Melissa Conrad Stöppler, MD
Melissa Conrad Stöppler, MD, is a U.S. board-certified Anatomic Pathologist with subspecialty training in the fields of Experimental and Molecular Pathology. Dr. Stöppler's educational background includes a BA with Highest Distinction from the University of Virginia and an MD from the University of North Carolina. She completed residency training in Anatomic Pathology at Georgetown University followed by subspecialty fellowship training in molecular diagnostics and experimental pathology.
Jerry R. Balentine, DO, FACEP
Dr. Balentine received his undergraduate degree from McDaniel College in Westminster, Maryland. He attended medical school at the Philadelphia College of Osteopathic Medicine graduating in1983. He completed his internship at St. Joseph's Hospital in Philadelphia and his Emergency Medicine residency at Lincoln Medical and Mental Health Center in the Bronx, where he served as chief resident.
In this Article
- Vaginitis facts
- What is vaginitis?
- What causes vaginitis?
- What are the risk factors for vaginitis?
- What are the symptoms of vaginitis?
- What about vaginitis in children?
- What about vaginitis during pregnancy?
- How is vaginitis diagnosed?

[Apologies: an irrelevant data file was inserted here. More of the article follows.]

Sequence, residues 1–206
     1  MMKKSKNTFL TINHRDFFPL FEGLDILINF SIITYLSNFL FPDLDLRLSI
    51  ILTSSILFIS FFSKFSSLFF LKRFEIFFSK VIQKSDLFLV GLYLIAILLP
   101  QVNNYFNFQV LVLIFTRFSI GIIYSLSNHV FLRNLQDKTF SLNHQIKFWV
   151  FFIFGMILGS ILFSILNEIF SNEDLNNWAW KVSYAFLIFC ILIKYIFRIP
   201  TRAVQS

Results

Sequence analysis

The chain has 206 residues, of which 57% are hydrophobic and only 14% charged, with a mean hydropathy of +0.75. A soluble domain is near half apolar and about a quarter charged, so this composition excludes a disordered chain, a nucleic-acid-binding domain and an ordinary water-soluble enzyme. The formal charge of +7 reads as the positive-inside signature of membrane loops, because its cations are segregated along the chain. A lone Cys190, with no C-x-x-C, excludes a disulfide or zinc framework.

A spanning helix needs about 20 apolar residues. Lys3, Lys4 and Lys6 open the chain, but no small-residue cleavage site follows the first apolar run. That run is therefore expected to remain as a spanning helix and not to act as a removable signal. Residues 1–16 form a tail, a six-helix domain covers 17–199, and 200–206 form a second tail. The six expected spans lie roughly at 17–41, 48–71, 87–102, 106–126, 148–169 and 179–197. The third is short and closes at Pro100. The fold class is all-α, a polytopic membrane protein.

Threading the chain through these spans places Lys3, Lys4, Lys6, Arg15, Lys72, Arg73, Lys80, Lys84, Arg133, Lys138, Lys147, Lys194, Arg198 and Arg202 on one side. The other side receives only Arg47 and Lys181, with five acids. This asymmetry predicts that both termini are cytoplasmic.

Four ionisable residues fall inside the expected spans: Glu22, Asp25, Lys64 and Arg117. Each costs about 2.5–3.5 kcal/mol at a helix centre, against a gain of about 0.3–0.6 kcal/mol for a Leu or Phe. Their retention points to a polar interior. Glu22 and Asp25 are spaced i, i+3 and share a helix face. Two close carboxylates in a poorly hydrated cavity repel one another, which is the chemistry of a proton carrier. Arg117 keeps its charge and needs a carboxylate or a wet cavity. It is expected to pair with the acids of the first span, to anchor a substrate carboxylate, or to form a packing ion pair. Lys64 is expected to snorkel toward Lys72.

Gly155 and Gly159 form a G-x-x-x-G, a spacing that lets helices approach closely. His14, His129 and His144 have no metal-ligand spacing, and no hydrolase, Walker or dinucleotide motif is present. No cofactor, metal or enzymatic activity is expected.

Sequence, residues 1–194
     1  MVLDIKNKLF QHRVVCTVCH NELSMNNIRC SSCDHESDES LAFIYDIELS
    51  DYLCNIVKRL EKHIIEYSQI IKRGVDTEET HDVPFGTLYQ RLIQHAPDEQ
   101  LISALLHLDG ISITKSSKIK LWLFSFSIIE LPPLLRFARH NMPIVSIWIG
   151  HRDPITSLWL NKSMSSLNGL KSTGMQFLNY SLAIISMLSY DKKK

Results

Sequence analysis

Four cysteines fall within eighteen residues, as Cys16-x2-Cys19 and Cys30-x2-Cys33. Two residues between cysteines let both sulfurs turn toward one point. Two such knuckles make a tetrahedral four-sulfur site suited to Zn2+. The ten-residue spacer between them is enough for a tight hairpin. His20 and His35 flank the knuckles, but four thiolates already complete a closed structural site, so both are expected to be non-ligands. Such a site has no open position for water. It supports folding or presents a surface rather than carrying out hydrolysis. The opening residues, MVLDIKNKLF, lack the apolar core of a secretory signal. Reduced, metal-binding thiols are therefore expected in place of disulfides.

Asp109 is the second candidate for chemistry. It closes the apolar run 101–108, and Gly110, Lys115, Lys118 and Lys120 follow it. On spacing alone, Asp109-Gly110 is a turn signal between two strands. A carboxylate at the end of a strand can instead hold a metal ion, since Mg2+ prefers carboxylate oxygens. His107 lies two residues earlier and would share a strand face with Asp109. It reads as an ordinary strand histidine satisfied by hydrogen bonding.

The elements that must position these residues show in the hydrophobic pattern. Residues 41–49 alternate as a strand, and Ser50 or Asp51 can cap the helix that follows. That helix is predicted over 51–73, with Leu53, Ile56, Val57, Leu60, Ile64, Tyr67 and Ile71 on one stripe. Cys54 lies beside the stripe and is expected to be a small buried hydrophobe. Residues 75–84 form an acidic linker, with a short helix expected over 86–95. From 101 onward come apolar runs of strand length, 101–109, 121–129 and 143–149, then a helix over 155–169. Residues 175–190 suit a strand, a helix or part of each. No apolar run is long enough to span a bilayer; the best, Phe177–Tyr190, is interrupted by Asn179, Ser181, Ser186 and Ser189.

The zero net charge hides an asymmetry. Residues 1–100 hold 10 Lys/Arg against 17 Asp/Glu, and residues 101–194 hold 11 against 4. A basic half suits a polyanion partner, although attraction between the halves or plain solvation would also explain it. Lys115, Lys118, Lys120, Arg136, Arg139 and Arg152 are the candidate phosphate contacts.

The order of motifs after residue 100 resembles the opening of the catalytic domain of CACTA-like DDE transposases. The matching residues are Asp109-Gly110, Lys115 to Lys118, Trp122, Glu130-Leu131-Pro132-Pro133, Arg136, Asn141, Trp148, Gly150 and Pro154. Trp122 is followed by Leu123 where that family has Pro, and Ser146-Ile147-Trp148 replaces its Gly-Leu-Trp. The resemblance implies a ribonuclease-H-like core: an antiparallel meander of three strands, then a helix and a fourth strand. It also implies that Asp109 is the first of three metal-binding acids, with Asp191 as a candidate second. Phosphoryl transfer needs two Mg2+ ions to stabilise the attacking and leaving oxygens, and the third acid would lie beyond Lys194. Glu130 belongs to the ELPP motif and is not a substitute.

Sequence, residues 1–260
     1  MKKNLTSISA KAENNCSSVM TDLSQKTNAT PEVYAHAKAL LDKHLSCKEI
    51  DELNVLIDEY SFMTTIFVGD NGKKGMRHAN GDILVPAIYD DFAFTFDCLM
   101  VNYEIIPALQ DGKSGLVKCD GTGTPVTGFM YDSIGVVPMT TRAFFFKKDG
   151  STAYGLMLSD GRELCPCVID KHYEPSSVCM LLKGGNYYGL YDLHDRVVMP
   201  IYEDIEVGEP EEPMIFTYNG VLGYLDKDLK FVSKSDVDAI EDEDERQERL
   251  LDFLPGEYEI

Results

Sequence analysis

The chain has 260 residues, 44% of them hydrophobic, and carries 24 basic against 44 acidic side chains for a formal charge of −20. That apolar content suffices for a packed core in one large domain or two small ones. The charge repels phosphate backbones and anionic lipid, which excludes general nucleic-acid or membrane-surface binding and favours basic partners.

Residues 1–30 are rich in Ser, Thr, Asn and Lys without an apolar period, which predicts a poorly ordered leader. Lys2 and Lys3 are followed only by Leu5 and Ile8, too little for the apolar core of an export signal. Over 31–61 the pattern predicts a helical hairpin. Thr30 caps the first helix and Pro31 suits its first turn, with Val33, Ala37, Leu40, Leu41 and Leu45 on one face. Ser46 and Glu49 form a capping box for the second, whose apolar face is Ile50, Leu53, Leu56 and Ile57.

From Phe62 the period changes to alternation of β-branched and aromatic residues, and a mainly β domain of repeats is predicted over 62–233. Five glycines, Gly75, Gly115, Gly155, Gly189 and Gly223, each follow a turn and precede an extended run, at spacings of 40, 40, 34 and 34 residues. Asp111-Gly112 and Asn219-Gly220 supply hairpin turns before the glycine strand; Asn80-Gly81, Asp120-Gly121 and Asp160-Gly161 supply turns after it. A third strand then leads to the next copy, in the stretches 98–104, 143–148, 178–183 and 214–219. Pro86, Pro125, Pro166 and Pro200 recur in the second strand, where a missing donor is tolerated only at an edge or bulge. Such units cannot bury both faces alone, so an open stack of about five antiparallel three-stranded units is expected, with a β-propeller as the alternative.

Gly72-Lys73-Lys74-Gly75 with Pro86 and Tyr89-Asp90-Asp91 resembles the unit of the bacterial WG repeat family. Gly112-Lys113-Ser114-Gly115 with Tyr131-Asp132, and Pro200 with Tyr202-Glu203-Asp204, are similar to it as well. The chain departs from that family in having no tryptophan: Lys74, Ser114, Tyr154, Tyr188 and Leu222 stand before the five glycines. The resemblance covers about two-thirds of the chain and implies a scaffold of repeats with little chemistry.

- What is the treatment for vaginitis?
- What home remedies are available to treat vaginitis?
- Can vaginitis be prevented?
- What is the prognosis for vaginitis?
- Find a local Obstetrician-Gynecologist in your town
What are the risk factors for vaginitis?
Rick factors for the development of vaginitis vary according to the type of vaginitis. Risk factors for STDs such as gonorrhea, Chlamydia, or Trichomonas include unprotected intercourse and multiple sexual partners.
Risk factors for yeast vaginitis (yeast infection) include the use of oral antibiotics (which may upset the balance of bacteria normally present in the vagina) and having a suppressed immune system, either due to a condition such as cancer or due to taking medications that affect immune function. Women who have diabetes, who are pregnant, and who take oral contraceptives may also have an increased risk for developing yeast vaginitis. Douching or using perfumed vaginal hygiene sprays may also increase a woman's risk of developing yeast vaginitis.
Factors that have been identified that increase a women's risk for developing bacterial vaginosis include multiple or new sexual partners, intrauterine devices for contraception, recent antibiotic use, vaginal douching, and cigarette smoking.
What are the symptoms of vaginitis?
While some cases of vaginitis do not produce symptoms, the characteristic symptoms of vaginitis include:
- Discomfort or pain in the vaginal area
- Vaginal itching
- Vaginal discharge
- Pain or burning upon urination
- Vaginal odor
Certain signs and symptoms are suggestive of vaginitis from a particular source. For example, the vaginal discharge present in a yeast infection is described as thick, whitish, and having a cottage-cheese-like appearance. Trichomonas infection commonly produces a discharge that is thin, frothy, and has a greenish-yellow tint. Bacterial vaginosis is characterized by a thin, greyish discharge with a prominent fishy odor.
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